“Blame TMZ and celebrity shows for that, because they don’t have much discretion in what they air,” says Lavigne. “Sure, in cases where the records are clearly public you have every right to air them in their entirety.  But you need to look at the big picture in terms of any blowback from that.  As long as you can justify a good reason for airing the audio - aside from just having a broadcast element - I think you’re on solid footing.”
          E:60 tries to use 9-1-1 tapes with discretion, said executive producer Andy Tennant.   The calls are evaluated much as crime scene photos, with caution toward graphic and exploitive content.
          “I understand why there is a movement to ban 9-1-1 calls from public records - many people feel airing those calls is a violation of privacy,” said Tennant. “We in the media need to do a better job of using those calls only in situations where they have news value or can help explain a story.  If they are used for the sake of melodrama or voyeurism, that’s when the media crosses the line.”
          E:60 producers have been rejected or ignored on several 9-1-1 requests. Dave Picker struck out on his stories about Dwayne Goodrich and Marvin Harrison.  Vin Cannamela came up empty on his story about Lexi Youngberg, a teenager who lost her leg in a boating accident in Michigan.
          SportsCenter producer Chris Bloxom asked Lavigne for help after he made an abortive effort to obtain the 9-1-1 call in December 2010 that preceded the death of La Roche College basketball coach Scott Lang, 41, who succumbed to a heart attack during a practice.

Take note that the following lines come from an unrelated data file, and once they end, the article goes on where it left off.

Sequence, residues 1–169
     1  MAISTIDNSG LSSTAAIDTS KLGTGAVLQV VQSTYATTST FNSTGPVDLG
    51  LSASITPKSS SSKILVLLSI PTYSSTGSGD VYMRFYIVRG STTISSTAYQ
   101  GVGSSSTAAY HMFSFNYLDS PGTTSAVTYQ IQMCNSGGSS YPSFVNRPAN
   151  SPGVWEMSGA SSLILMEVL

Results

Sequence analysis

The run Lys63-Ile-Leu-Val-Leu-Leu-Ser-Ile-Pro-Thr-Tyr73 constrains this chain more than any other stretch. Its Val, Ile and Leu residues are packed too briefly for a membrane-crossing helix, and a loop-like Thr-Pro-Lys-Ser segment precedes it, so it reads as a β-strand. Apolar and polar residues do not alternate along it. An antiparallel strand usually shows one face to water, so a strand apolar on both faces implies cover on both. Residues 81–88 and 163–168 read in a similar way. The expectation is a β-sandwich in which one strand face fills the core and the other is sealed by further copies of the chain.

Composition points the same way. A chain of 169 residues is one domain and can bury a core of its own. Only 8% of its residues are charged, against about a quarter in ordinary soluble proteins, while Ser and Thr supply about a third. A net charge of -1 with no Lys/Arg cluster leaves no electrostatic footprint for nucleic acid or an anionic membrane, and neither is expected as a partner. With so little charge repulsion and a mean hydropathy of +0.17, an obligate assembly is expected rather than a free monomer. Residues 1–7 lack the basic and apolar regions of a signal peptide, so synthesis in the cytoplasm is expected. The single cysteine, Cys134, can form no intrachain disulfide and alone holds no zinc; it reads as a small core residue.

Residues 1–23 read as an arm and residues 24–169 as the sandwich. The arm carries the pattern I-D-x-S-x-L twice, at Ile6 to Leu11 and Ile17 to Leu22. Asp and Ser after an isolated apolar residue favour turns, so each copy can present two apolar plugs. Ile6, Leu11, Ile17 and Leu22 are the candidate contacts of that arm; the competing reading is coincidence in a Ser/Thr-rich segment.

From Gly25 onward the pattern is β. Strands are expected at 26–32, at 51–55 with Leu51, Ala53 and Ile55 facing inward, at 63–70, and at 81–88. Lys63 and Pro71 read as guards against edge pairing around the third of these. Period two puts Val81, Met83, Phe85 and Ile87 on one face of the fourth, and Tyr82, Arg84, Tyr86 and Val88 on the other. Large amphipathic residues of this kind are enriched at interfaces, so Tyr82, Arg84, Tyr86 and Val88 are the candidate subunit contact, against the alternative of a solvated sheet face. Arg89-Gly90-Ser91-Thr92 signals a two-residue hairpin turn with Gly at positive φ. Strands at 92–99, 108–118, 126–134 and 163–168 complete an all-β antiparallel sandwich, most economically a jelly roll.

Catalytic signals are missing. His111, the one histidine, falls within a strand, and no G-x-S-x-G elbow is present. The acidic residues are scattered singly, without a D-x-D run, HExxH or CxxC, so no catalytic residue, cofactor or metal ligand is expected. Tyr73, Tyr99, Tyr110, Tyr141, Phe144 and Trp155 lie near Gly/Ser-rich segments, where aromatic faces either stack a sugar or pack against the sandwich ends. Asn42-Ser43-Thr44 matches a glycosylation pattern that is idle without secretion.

Her advice to Bloxom:
          “Although 911 calls are public record in most states, Pennsylvania is a bit of an exception. The law states that, “The Act exempts 911 tapes but permits access to them or a transcript thereof ‘if the agency or court determines that the public interest in disclosure outweighs the interest in nondisclosure.’ Section 708(b)(18).
          “The only upside here is that the agency has some discretion in releasing it to you. What you need to do first is find out which agency has that tape, unless you’ve done that already. You want the 911 dispatch center, which could be the city police department or some sort of city-county agency. You need to make the request to that agency. It would help if you could make a good argument as to why this 911 call is in the public interest. If that fails, then I’m afraid you will need a court order, which would involve making a request to a judge in that county. And you’ll likely need an attorney’s help with that.
          “One other angle you might try is to see if the family could help you. It’s possible that a relative could get the agency to hand over the tapes without a lot of hassle. I’m not sure what your relationship is with them, but if it’s good, you might go that route.”
          Bloxom filed requests through Pittsburgh police and the emergency response agency and was turned down.  He decided against hiring an attorney to seek a court order, and let the matter drop.
          To all producers and reporters Lavigne offers this advice:
          “When you make a request, you really HAVE to have an address...the calls are saved/logged by address and phone numbers. (And who knows what phone someone was using when he/she called.) They’re not usually logged by me on that. You should also have a date and an approximate time.
          “And make sure you use a public records request letter to ask for them. That’s usually helpful.
          “Finally, 911 agencies are organized in all sorts of different ways. In some places, the 911 dispatchers are part of the fire department or police department. In other places, the 911 dispatchers belong to their own separate agencies. And there can be multiple 911 agencies within a region. So, just make sure you have the right agency before you launch into a request.”

(posted by Steve Marantz on March 2, 2012)